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Jim Straight

Fisher Two-Box High-Voltage Vacuum Tube Metalloscope

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Just out of curiosity Jim - why are you interested in one of these?

We can still talk about them. I've seen pictures but never seen one in operation and I am interested how they work.

Cant be many of these out there still in fully functional, operational condition. I'm sure a few, but not many.

First Texas may have one on hand as a museum specimen.

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Chris... to cut to the quick... I acquired a vacuum tube two box that originally

belonged to the Utah State Collage and was sold as surplus.  It was

manufactured in 1946 and used high-voltage batteries to drive 5-vacuum

tubes...   It is a direct descendent of Dr. Gerhard Fischer (Fisher) original 1931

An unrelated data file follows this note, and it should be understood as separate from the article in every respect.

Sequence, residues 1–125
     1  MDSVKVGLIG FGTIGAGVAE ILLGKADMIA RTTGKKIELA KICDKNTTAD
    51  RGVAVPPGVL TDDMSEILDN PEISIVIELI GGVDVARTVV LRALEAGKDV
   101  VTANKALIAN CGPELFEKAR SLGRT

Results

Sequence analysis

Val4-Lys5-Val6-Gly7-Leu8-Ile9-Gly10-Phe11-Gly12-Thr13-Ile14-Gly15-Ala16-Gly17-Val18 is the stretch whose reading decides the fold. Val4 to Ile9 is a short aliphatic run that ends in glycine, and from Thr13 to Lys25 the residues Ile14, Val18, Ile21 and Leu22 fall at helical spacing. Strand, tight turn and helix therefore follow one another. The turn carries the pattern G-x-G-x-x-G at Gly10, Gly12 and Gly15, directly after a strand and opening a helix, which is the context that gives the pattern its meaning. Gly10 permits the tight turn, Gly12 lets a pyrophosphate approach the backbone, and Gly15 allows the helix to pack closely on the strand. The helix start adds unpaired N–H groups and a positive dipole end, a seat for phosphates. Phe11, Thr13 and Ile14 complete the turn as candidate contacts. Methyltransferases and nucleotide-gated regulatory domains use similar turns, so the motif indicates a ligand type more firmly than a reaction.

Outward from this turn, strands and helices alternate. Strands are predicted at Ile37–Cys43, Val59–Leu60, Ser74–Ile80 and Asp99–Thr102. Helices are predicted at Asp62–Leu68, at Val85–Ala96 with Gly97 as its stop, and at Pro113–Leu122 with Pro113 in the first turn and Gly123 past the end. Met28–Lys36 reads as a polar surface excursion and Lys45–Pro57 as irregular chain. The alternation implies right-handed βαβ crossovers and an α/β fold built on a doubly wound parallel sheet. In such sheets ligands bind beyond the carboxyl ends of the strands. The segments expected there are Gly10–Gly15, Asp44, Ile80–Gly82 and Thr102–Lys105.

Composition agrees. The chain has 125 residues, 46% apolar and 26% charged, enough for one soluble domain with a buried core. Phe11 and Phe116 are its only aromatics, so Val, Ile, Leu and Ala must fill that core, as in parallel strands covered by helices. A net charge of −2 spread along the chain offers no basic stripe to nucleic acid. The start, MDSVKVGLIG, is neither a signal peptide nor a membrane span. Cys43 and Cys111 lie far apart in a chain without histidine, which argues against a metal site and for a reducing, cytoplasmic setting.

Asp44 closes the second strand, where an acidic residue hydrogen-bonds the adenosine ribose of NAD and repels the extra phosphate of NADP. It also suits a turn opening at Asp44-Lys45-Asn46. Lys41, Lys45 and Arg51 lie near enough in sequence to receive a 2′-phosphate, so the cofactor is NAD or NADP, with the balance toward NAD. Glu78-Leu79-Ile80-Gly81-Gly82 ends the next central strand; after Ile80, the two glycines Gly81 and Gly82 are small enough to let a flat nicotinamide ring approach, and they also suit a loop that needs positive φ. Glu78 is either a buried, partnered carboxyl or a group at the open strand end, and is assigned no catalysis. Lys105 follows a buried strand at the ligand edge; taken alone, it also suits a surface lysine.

Metallascope and patented in 1937. With the development of Transistors in

the 1950s; it became known as the Fisher M-Scope Gemini-series.

My vacuum tube two-box used large-size, heavy and cumbersome high

voltage batteries. But depth it had, and I was able to detect magnetic black

sands at depth. Black sands are often associated with placer gold if in a

metalliferous area..... Also the two box could be useful to trace out

condictive metals.... Unfortunately the batteries we now expensive and

the vacuum tubes in high-power drain them fast. So I used it spairnly  

and they were special order in a cardboard rectangular box with a short

shelf life. One box was the transmitter and the other the receiver..jim

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Why don't you use a Discovery TF-900. It uses 6 AA batteries with an estimated life of 20 hrs.

It has "All Metal" mode with ground reject, and a TR Cave Mode that responds to no or low mineralization.

It had a depth capability of 15-20 ft on a 50 gal barrel and 20-30ft on a car, to the best of my relocation.


I also use an ArcGEO Logger to record the grid responses to use on a laptop to display the data.